My research continues to include exploration of new types of Solar System materials to understand their origins and how they fit into to current ideas about the evolution of our Solar System and what we know about asteroids and comets. I am also interested in the geologic processes that have altered meteorites while they resided on their parent asteroids.  My most recent research is focused on a group of meteorites called the enstatite chondrites. What distinguishes these primitive meteorites from others is that they are the only chondrites that have isotope chemistry identical to the Earth and Moon. This potentially links them to the inner Solar System and makes them good candidates to be among the building blocks for the Earth and other terrestrial (Earth-like) planets. I am currently studying the small particles and inclusions that constitute these meteorites and I am documenting the range of their chemical and physical properties. My goals are to look for clues about processes and conditions that resulted in development of the inner Solar System where the Earth formed, unravel the collisional evolution of the asteroids that these meteorites are derived from and understand the origin of water on Earth.

In addition to meteorites, I am also interested in other extraterrestrial materials including the comet particles that were brought back to Earth by the Stardust Space Sample Return NASA Mission in 2006. I served on the Stardust Preliminary Examination Team when the samples were first returned to Earth. By studying comet grains I found similarities between comets and chondrites (derived from asteroids), suggesting that some asteroids may have originally formed as comets in the outer Solar System but where later transported to the asteroid belt. My work has been funded through NASA Research Programs that included Cosmochemistry, Stardust Participating Scientist, Discovery Data Analysis and Emerging Worlds. This has allowed me to support my research endeavors, as well as support graduate students and build a Scanning Electron Microscope Laboratory at Kingsborough Community College in 2006.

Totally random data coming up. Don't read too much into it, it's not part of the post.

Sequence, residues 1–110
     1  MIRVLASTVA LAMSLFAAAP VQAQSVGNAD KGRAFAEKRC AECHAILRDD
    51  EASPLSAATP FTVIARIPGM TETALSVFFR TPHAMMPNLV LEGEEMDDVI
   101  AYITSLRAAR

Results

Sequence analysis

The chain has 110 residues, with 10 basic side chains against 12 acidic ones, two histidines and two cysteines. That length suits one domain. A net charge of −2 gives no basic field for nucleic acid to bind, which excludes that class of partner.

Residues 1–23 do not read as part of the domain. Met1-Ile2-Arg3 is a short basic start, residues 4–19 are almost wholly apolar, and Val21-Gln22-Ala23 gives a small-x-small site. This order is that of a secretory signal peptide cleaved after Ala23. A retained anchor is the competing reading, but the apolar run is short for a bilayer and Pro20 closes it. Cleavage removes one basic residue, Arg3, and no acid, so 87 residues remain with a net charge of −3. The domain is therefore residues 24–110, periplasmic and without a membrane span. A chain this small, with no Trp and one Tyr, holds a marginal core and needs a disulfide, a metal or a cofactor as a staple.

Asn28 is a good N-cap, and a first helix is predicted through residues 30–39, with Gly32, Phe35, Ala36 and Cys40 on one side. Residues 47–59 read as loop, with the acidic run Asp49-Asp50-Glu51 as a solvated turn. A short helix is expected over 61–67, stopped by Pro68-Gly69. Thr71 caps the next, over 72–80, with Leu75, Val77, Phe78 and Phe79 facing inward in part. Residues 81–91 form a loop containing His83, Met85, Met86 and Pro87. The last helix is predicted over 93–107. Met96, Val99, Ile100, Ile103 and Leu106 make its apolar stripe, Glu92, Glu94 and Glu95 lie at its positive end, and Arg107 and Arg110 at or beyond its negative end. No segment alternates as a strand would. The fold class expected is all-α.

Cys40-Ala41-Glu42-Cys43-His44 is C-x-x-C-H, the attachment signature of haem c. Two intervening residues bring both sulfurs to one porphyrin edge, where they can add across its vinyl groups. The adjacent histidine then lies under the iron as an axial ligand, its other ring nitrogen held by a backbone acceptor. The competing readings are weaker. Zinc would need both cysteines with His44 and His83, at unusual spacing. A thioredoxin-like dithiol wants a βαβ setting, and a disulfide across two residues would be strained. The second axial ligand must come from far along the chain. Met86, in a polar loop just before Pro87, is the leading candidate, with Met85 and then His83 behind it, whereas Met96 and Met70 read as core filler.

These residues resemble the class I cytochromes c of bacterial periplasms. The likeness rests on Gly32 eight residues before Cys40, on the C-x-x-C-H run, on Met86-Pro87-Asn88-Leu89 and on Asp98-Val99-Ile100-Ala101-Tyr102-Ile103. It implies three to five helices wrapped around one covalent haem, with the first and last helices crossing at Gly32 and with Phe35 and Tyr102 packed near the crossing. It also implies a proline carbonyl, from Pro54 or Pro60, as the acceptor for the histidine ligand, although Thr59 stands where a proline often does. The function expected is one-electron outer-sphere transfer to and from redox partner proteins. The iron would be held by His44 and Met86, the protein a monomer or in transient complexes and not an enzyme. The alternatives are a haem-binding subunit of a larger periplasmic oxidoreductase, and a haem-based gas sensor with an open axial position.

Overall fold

One of the best aspects of being on CUNY faculty is the excellent students I have had the honor to work with, both graduate and undergraduate. Serving on advisory committees for PhD students and serving as their advisor has been a rewarding experience. I have always strived to include undergraduate students in my research through independent study courses, programs like the Louis Stokes Alliance for Minority Participation (LSAMP) and the NSF funded, AMNH-CUNY Research Experience for Undergraduates (REU) Program. I recently (in 2021) co-authored a scientific paper with one of my REU students. We reported possible first evidence of extensive fluid-reaction alteration on the asteroid parent asteroid from which the enstatite chondrites are derived. I also co-authored a paper (currently in press, 2021) with a recent LSAMP student on deformation of an enstatite chondrites, leading us to the conclusion that frequent impacts (collisions) of weak magnitude, possibly during formation of asteroidal bodies, may have been the process that compacted chondrites into rock. I am currently advising Mabel Gray, an Earth and Environmental Sciences Doctoral Program student studying volatile elements and organic materials in enstatite chondrites to understand the building blocks that came together in the early Solar System to form the Earth, provide Earth with water and possibly life. I am also helping advise CUNY grad student Sam Alpert in his study of metals and oxides in meteorites to understand the separation of metal from stony material in the early Solar System, a process which may have influenced some the chemical differences observed among the terrestrial planets.